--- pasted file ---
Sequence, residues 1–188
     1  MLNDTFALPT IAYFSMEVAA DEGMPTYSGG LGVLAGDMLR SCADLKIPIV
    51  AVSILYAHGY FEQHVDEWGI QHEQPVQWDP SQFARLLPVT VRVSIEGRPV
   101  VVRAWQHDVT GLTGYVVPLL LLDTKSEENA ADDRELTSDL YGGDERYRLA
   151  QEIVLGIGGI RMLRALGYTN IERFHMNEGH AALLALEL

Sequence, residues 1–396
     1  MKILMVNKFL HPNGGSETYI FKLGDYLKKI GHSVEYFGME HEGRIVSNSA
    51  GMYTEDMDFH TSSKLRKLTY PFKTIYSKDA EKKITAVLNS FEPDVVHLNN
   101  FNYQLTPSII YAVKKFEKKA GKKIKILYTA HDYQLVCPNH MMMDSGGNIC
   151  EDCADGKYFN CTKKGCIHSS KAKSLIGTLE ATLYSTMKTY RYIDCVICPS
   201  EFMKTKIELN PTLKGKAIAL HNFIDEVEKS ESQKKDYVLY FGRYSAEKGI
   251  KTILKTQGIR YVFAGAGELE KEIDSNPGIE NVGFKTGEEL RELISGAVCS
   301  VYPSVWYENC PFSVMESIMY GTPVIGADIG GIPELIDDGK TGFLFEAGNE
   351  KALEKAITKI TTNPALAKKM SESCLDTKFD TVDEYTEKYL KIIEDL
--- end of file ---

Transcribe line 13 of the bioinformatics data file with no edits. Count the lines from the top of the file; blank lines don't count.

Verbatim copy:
   301  VYPSVWYENC PFSVMESIMY GTPVIGADIG GIPELIDDGK TGFLFEAGNE